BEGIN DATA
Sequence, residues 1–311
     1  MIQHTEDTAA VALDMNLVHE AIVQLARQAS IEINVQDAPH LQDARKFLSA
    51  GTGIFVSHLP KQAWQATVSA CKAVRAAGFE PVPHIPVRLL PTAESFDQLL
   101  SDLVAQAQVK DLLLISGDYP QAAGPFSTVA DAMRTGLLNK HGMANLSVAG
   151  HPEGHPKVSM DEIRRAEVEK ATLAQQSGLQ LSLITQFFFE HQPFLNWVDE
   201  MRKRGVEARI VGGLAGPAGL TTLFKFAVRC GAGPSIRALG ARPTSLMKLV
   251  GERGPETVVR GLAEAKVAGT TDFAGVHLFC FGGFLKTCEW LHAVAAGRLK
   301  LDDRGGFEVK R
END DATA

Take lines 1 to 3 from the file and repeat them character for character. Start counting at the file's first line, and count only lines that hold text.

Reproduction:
Sequence, residues 1–311
     1  MIQHTEDTAA VALDMNLVHE AIVQLARQAS IEINVQDAPH LQDARKFLSA
    51  GTGIFVSHLP KQAWQATVSA CKAVRAAGFE PVPHIPVRLL PTAESFDQLL